aeue245 - Multispectral Radiometry percent reflectance


Multispectral Radiometer Cropscanner MSR5, a 5-band LANDSAT Thematic Mapper compatible model (460-1750nm). CROPSCAN, Inc. Rochester, MN

Radiometry Sampling Protocol

The Multispectral Radiometer Cropscanner is a machine used to measure the reflectance of 5 different wavelengths. Before Taking Readings: Be sure Date, Time, GMT (Greenwich Mean Time) Difference and Location (latitude and longitude) are set correctly for sampling Location. Attach sensors and cables and a do real-time VIEW mode readings test in the sunlight to verify the millivolt readings correspond to changes in irradiance intensity. To see if the readings will change, place something over the top of the sensor head. The IRR values should decrease. When you place the sensor head back in full sun, the readings will increase. Checklist in the field: Attach the sensor head to the pole and assemble the equipment. Before taking the first plot scan, change the position of the top of the radiometer relative to the sun to see if the IRR (I) reading changes accordingly. Check that the sensor head is level. Take the readings facing south from the north part of the plot. This is to keep shadows from interfering with the readings. Take 1 reading per plot over the percent cover area. When Taking Readings: The best readings are obtained under clear skies or lightly cloudy days with IRR readings above 400 Watts per square meter. If there are cumulus clouds (large puffy), let them pass out of the way of the sun before taking readings. Wear grays or darker colored clothing to reduce the amount of reflectance from your clothes onto the sample area. Try to position the radiometer front (serial number side) toward the sun when taking readings. This eliminates your shadow from the sampling area and also yields the best cosine response correction of the top or up-facing sensors. After positioning and leveling the radiometer and initiating a scan, you may move to the next plot as soon as the double asterisks appear on the screen or you hear the double beep from the DLC.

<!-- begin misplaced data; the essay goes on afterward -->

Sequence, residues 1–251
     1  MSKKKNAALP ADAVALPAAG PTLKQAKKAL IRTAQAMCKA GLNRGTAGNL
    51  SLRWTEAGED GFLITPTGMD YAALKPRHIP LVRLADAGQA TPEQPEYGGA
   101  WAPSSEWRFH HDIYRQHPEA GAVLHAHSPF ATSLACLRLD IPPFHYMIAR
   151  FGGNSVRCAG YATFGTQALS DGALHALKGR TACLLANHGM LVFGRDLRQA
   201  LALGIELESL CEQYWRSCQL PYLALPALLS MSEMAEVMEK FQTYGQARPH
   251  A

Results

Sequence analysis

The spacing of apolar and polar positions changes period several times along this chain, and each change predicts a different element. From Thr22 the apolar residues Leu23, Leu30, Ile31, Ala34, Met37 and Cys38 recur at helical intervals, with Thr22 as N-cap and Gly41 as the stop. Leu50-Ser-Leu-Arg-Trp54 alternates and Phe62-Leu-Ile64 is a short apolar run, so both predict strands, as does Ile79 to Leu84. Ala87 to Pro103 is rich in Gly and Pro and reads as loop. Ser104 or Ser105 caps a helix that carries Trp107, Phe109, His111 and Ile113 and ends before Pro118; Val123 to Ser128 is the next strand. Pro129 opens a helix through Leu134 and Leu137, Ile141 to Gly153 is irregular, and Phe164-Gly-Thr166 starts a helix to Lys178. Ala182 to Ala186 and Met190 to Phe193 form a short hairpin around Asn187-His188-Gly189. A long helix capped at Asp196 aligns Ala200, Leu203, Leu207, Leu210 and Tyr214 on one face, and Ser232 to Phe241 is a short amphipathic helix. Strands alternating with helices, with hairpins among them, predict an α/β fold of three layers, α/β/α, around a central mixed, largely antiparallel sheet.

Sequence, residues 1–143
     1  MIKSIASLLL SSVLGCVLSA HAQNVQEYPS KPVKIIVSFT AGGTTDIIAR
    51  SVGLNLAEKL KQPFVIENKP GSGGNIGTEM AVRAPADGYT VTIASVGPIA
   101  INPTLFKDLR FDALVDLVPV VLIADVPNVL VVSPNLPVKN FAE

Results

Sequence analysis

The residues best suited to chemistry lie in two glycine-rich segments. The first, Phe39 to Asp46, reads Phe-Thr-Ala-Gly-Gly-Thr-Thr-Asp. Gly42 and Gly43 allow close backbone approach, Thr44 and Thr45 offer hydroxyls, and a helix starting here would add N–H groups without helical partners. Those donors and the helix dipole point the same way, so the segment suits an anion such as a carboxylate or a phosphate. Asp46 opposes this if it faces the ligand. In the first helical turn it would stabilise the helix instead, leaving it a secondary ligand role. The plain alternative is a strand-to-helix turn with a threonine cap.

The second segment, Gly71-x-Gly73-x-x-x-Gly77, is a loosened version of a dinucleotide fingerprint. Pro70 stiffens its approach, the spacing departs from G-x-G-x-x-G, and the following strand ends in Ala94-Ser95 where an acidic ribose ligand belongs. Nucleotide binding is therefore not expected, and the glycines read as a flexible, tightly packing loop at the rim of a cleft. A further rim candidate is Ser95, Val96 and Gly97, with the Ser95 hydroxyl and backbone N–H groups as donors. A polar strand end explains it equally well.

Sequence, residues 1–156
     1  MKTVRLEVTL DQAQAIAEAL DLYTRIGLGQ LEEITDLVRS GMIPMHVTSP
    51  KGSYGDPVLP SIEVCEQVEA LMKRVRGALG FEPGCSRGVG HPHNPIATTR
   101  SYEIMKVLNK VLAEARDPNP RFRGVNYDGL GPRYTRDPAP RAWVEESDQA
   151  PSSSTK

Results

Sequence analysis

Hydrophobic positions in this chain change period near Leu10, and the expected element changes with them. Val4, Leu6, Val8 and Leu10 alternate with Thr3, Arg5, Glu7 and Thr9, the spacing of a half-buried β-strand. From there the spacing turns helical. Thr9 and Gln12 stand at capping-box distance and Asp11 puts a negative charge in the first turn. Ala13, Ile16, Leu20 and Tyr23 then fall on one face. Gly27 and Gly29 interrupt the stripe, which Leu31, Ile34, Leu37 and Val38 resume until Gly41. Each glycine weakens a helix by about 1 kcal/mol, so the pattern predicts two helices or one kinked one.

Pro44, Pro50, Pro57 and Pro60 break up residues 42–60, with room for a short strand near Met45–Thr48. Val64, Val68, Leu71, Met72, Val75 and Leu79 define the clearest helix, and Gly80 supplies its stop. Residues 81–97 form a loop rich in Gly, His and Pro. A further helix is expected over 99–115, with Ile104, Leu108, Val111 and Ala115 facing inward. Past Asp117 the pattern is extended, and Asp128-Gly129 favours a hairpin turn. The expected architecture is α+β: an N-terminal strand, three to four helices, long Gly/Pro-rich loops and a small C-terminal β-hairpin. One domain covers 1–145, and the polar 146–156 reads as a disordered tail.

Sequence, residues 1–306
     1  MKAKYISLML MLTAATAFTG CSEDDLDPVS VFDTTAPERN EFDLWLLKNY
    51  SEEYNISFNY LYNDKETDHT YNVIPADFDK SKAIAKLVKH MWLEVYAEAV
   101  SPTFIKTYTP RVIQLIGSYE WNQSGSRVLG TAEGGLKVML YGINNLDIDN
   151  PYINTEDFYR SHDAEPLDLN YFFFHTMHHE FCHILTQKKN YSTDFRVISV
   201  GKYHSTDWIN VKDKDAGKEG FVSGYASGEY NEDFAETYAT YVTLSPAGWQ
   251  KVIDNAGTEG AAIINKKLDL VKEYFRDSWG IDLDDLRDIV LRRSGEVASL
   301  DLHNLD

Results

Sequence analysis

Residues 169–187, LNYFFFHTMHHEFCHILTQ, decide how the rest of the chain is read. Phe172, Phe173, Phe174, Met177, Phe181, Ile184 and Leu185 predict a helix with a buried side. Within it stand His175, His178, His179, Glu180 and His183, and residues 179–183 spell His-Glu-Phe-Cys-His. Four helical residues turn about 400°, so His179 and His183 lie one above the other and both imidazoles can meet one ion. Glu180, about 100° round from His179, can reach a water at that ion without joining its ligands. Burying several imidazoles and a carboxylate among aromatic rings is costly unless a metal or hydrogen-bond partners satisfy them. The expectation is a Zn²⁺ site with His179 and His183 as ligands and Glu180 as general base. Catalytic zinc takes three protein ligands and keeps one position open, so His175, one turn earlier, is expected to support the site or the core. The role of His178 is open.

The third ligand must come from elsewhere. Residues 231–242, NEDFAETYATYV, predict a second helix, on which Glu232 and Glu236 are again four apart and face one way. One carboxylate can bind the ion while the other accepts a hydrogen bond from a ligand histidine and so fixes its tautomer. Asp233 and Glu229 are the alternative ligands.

aire245 - Instantenous rates of ecosystem carbon fluxes

Ecosystem carbon fluxes instrument

Li-Cor 850 infrared gas analyser (Li-Cor, Lincoln, Nebraska, USA), field implemented via a 'flux puppy set'

Ecosystem carbon fluxes sampling

During the growing season (May - October 2020), we used a Li-Cor 850 infrared gas analyser (IRGA; Li-Cor, Lincoln, Nebraska, USA) to measure changes in CO2 concentration and air temperature in the headspace of a chamber placed over the plots. We placed the IRGA inside a 1m3 cube that was made from a polyvinyl chloride (PVC) frame and transparent 6-mil plastic sheeting (Polar Plastics Inc., Oakdale, MN, USA), with internal fans to ensure adequate mixing of air, sealed to the ground with two 1.27 cm diameter x 3.04 m length steel chains wrapped around the base of the chamber. Each measurement cycle began by low- ering the chamber, sealing it, and once a consistent rate of CO2 exchange was achieved (typically less than a minute), we began logging a 2-minute flux measurement in the light at a sampling frequency of 0.5 Hz. At time of flux measurement, we also measured photosynthetically active radiation (PAR) using a MQ-100 Apogee PAR meter (Apogee Instruments, Logan, UT, USA) that was mounted to the top of the IRGA just below the upper surface of the chamber. Full light mea- surements were recorded in a minimum of 900 ??mol m^-2 s^-1 between the hours of 0930 and 1530. For each full light measurement, we calculated net ecosystem exchange using Eqn 1 to quantify the maximum continu- ous exchange of CO2 between the atmosphere, vegetation and soil.